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With the DH World Champs loom­ing, we check in with Greg Min­naar & Aaron Gwin

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FRANCE’S AMAURY PIER­RON may have won the DH World Cup se­ries with one round still to go, but when it comes to the World Cham­pi­onships, all eyes will still be on the two big dogs of down­hill, Amer­ica’s Aaron Gwin (19 World Cup wins) and South Africa’s Greg Min­naar (21 World Cups and three World Champs). Both suf­fered in­juries that pre­vented them from com­pet­ing in all rounds of this year’s World Cup – reign­ing champ Gwin in­jured his thumb dur­ing his fi­nals run in Fort Wil­liam, while Min­naar broke his arm a cou­ple of days be­fore. So, does that mean

they’ve set their sights on win­ning the cov­eted rain­bow stripes in Len­z­er­heide, Switzer­land, in­stead?

“Yes, I’d def­i­nitely say that,” Gwin told us. “It was a huge bum­mer for me hav­ing to pull out of the World Cup sea­son, I’m re­ally look­ing for­ward to World Champs now. I had that small crash in Val di Sole, which ag­gra­vated the in­jury. It set me back, but we’re mak­ing progress now and I’m hop­ing to be 100 per cent be­fore Len­z­er­heide.”

Min­naar said he was just keen to get rac­ing again. “I think it’s im­por­tant for me to get back up to speed be­fore Len­z­er­heide, so I can be back to my usual self. I’ve en­joyed watch­ing the sport from the side­lines but my true love is be­tween the tape. It’s been a chal­lenge, but I’m back rid­ing down­hill and now I need to get strong and fast.”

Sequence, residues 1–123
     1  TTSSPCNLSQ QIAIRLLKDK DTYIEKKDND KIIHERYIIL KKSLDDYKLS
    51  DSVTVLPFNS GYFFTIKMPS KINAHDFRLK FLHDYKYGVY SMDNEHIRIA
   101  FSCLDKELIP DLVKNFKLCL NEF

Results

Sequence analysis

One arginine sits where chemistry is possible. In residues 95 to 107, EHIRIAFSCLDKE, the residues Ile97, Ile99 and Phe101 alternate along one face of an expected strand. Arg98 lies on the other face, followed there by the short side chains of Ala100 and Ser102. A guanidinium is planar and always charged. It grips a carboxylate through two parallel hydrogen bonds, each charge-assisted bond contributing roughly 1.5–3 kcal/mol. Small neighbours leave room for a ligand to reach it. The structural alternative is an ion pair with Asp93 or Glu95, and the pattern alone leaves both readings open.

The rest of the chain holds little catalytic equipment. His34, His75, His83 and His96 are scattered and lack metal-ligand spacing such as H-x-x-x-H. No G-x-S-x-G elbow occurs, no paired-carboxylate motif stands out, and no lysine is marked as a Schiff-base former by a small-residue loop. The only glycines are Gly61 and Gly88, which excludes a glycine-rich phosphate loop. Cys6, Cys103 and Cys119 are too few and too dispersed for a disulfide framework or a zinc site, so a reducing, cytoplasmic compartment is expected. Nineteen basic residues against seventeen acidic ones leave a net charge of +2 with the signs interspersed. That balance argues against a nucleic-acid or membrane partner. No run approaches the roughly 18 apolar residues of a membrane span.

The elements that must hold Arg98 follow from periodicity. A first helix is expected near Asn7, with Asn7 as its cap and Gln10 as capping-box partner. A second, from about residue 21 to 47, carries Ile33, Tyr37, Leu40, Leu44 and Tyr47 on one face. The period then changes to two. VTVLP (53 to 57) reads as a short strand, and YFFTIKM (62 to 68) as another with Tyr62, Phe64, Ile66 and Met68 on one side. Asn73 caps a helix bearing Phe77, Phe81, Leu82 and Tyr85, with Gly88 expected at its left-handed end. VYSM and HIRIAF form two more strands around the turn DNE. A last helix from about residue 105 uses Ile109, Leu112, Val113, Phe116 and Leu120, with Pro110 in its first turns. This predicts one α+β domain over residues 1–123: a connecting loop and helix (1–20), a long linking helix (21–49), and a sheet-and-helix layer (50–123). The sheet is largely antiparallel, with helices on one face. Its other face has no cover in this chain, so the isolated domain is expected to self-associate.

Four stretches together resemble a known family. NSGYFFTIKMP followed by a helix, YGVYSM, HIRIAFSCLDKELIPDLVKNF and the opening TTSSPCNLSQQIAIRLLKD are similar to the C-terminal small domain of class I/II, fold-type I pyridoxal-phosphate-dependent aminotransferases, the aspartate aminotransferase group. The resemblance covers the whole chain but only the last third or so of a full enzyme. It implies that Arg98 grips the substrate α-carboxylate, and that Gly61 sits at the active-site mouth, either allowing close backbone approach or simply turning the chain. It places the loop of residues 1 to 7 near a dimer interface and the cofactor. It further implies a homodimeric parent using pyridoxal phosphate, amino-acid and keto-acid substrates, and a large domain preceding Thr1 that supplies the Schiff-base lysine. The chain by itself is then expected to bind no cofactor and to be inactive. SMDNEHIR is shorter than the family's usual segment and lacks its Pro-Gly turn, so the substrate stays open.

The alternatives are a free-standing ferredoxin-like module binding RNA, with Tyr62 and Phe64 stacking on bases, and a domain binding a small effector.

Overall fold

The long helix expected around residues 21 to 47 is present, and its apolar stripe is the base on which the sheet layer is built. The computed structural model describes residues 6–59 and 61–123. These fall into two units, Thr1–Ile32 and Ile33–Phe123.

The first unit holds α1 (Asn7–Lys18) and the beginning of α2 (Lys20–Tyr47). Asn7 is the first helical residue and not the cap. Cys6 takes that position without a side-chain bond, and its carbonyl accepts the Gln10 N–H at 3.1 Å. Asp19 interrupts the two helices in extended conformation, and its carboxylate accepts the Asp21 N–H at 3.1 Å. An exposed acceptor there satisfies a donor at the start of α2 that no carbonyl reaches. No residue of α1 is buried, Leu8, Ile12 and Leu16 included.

What about the pres­sure of the World Champs be­ing a win­ner-takes-all event? “Yeah, it’s a to­tally dif­fer­ent pres­sure,” said Min­naar. “If you’ve never had the rain­bow stripes, you’re go­ing to al­ways want them, and if you’ve had them, you’re go­ing to want them again!”

Gwin wasn’t so sure. “I kinda feel less pres­sure, in a way,” he ex­plained. “For me, it’s a ‘win or noth­ing’ kind of race. It’s just one run and you can just go for it.”

And do th­ese two greats value the pres­tige that comes with win­ning a World Cham­pi­onships? “Well, see­ing as I’ve never won it, I’m be­gin­ning to value it very highly! Haha!” laughed Gwin.

“It’s def­i­nitely high up there,” said Min­naar. “I thought it was easy, after win­ning my first World Champs in 2003, but it took me an­other nine years to win my sec­ond!”

“There are el­e­ments of my train­ing that we’ll ad­just to­wards the Len­z­er­heide track, but the prepa­ra­tion re­mains the same as for ev­ery race,” Min­naar told us.

Mean­while, Gwin is fo­cused on let­ting his thumb heal and get­ting his body back in shape. “Len­z­er­heide isn’t the most phys­i­cal track on the cir­cuit,” he said. “So I re­ally want to fo­cus on my speed and to have my bike set up well, so that I’m com­fort­able push­ing the pace.”

Fi­nally, how do they feel about putting on those na­tional jer­seys to rep­re­sent their coun­tries? “It’s fun to wear the USA jersey,” said Gwin. “It’s cool to have that ex­tra vibe with my US team­mates.”

Min­naar agreed: “It’s re­ally cool! Guys get cre­ative and do up their bikes and gear in na­tional colours. It al­ways makes World Champs fun.”

You can catch all the ac­tion from Len­z­er­heide live on Red Bull TV. The down­hill rac­ing takes place on Sun­day 9 Septem­ber.


Pre­vi­ous page Aaron Gwin was on for the win in Len­z­er­heide at last year’s World Cup, un­til a flat tyre put him out of con­tentionThis page Greg Min­naar is look­ing to re­peat his Swiss suc­cess in 2017 and claim his fourth World Champs ti­tle

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